January is a time of new beginnings. It’s not just the start of a new year with new resolutions to make it a better year than what just was, but it’s also the end of the holiday season from the previous year.

And sometimes it seems like no matter how hard we try to stay healthy during the holidays, we don’t fully succeed at it. January gives us a chance to turn that around.

The stores know this, and they market products for it. Suddenly, treadmills and exercise bikes are popping up in the stores. Diet books are moved to more visible shelving. We see more articles about dieting and exercise in local and national publications.

Many people will make specific New Year’s resolutions and then give up on them before the month is out. According to the food delivery app, Deliveroo, Jan. 17 is the day that most people give up on their resolutions.

How do they know? It’s on that day that they see a significant jump in orders for alcohol and sweets. They’ve even timed it to 6:34 p.m. that day as being the time that most people give up on resolutions about alcohol and 6:52 p.m. on that same date for sugary sweets.

On the other hand, research done by Strava, based on analyzing 31.5 million January activities around the world, has determined that the second Friday in January is “Quitter’s Day.” That makes some sense to me because the second Friday would be the start of the second weekend of the New Year in most cases.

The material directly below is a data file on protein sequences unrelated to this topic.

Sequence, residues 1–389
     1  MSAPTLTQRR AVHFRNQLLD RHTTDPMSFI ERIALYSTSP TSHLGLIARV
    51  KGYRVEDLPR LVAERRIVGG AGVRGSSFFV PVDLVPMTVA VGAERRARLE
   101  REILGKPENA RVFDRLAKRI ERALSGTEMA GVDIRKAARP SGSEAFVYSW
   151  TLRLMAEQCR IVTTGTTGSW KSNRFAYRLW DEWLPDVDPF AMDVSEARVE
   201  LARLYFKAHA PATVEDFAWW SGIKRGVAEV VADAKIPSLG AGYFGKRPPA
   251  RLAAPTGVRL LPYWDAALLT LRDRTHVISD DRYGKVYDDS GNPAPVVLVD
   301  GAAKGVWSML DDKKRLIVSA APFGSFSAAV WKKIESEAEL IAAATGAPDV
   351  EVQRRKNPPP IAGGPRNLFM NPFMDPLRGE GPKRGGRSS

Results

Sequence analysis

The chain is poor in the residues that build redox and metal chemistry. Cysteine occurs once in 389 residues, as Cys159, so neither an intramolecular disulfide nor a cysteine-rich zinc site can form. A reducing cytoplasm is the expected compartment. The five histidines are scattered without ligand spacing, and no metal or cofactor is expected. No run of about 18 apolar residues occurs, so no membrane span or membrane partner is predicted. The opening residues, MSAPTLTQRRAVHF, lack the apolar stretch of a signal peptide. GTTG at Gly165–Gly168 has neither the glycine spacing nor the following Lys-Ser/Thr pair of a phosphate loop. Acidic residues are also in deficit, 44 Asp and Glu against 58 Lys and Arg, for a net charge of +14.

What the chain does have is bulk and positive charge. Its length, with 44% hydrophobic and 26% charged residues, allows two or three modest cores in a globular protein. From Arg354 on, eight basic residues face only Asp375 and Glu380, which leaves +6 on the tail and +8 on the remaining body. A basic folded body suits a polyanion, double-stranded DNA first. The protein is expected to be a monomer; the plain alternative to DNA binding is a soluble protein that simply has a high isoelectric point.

I would imagine that we can all get through that first weekend and first couple of weeks at work with our resolutions intact. But come the second weekend, we’re usually ready to chuck it all.

So, given that dismal history for resolutions, I would like to suggest establishing goals for the year instead. Goals are less absolute. You can make it your goal to eat healthier this year without giving up over one bad meal, like you would with a resolution.

Resolutions go by the wayside when they get broken. Goals are reaches, though. We don’t have to throw our whole goal out the window just because we ate one unhealthy meal.

As Dr. Michael Greger, author of “How Not to Die,” says so often, “It’s what you do the rest of the time that counts.”

What is a good goal to have for 2019? I like what Michael Pollan, author of “The Omnivore’s Dilemma,” has to say, “Eat food. Not too much. Mostly plants.”

This year, resolve to eat real food but not more than you need (most of the time). And make your food mostly come from plants in nature. If you can do that 80 percent of the time, you will increase your chances significantly for having a healthy 2019.

J Lanning Smith is a local freelance writer focused on healthy lifestyles.